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When the Heat is About to Scorch Your Strawberry Plants, Protect Them These 8 Ways

Nice big juicy red strawberries hanging from the vine

Introducing Methods to Protect Strawberries from Extreme Heat

A couple of years ago I bought myself my very first strawberry plant. I finally had an apartment that had a south facing window which allowed me to take advantage of the very short growing season in Montreal, Canada.

I was so excited. I could finally attempt to grow those fruits that absolutely demand a ton of sunlight, so I naturally brought a golden cherry tomato plant and a strawberry plant. Needless to say, growing these sensitive edible plants was quite a learning experience. 

I remember I would give my strawberry plant a huge mason jar full of water before I left for work, and when I would return home 8 hours later, it was like the strawberry had all of the life sucked out of it!

It was so hot on the balcony that it would need two huge mason jars of water a day to survive. Every time I would would come home it would be entirely wilted, and within an hour of me watering it, it would return to normal. 

I remember thinking “there has to be a better way” – I was concerned that this was too much stress for the strawberry plant. And turns out that yes, there are way better ways to protect strawberry plants from extreme. 

This article is going to go through all of the different methods that you can employ if you happen to live in a region that experiences some super intense summer heat. And believe me, they work! I was munching on candy-sweet, home grown strawberries in no time.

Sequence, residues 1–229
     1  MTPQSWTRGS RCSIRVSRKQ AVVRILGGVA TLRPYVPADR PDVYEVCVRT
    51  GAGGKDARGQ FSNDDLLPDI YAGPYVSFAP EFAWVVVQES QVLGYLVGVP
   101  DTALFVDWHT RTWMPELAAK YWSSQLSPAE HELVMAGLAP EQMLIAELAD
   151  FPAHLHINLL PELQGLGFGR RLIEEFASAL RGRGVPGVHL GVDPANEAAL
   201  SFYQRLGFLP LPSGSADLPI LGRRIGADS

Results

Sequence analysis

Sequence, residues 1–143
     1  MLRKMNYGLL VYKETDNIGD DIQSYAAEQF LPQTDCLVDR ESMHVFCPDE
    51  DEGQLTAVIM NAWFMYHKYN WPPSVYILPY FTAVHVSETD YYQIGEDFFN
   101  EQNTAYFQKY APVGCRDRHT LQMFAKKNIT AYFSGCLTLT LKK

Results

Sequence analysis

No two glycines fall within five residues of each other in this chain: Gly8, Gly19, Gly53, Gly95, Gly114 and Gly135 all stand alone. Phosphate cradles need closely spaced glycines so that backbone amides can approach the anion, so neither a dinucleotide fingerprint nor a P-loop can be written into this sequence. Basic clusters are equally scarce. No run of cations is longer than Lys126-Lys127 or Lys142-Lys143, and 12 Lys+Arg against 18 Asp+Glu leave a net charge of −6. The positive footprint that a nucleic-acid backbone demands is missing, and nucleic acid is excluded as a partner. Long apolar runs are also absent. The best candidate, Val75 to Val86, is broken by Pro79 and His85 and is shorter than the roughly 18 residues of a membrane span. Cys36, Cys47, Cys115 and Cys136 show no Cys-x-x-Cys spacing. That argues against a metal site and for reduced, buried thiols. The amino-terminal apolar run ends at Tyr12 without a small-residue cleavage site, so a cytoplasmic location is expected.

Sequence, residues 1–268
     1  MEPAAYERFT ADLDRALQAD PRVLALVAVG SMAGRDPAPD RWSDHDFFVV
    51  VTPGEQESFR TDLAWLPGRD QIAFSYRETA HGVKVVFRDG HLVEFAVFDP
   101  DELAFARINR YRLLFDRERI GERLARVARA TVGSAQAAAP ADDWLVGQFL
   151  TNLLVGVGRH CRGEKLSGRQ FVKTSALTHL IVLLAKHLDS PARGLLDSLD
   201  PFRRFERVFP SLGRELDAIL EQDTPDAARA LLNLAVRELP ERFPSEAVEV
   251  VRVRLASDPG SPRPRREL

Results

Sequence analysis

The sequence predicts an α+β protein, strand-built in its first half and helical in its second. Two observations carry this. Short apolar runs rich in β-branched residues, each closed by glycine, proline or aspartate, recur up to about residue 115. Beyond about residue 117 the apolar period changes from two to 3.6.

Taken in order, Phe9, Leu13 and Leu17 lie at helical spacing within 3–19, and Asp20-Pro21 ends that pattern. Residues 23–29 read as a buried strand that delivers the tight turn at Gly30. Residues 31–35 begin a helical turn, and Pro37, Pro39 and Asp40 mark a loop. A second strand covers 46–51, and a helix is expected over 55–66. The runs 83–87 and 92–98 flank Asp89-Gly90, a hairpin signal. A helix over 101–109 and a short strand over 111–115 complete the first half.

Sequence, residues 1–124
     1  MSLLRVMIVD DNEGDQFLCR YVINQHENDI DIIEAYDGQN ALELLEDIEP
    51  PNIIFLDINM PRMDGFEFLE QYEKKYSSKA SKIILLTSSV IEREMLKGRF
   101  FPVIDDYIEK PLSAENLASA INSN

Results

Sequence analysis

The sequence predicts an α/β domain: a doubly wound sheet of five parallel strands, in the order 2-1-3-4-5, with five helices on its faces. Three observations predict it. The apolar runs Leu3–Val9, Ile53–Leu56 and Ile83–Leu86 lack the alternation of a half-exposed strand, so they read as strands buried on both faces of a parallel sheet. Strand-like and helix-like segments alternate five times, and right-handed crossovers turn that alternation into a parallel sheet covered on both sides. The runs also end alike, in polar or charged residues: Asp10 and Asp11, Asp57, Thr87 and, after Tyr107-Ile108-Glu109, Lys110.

Single ripening strawberry

8 Ways to Protect your Strawberry Patch from Hot Summer Heat

The more you start to garden, the more understand that there are some plants that just don’t belong in certain climates. It’s weird to see a palm tree in Quebec, as it is equally as weird to see a pine tree in Florida. 

Strawberries are one of those plants that have specific growth requirements in order to stay happy and to yield a successful harvest. However, there are some ways to deal with extreme climates and make it work for both you and the plant! 

Strawberries can be grown successfully as perennials in USDA growing zones 5 through 8, or as cool season annuals in zones 9 and 10, so keep your growing zone in mind going forward. 

1. Smart Planting Location 

The first and best thing that you can do for a strawberry plant (or any plant) is to plant it in an area that is appropriate for the plant’s needs. Strawberries like to live in areas that receive a lot of sun, in well draining soil, and with tons of water. 

This is simple if you live in an area with more mild summer temperatures, but if you live in a place with super hot summers, you’ll have to plan accordingly. You can do this by planting in an area on your property that has a couple extra qualities.

Number one is choosing an area that gets shade in the heat of the afternoon sun, say behind a south facing tree. The second is choosing a site that may be near a pond or the edge of a woodland, as these areas will have cooler soil that has great moisture retention. 

Beautiful strawberry plants with ripening berries

2. Choosing the Right Variety

Another great way to ensure that a strawberry patch can be happy in your yard is by choosing a variety that is more heat tolerant. Horticulturists are truly mind bogglingly smart for their ability to create new strains so that they’re more tolerant to certain conditions.

There are a good handful of heat-tolerant cultivars that you can choose from, including: Alexandria, Albion, Sweet Charlie, Camarosa, Camino Real, and Chandler. (Honestly I would name my first born any of those names.)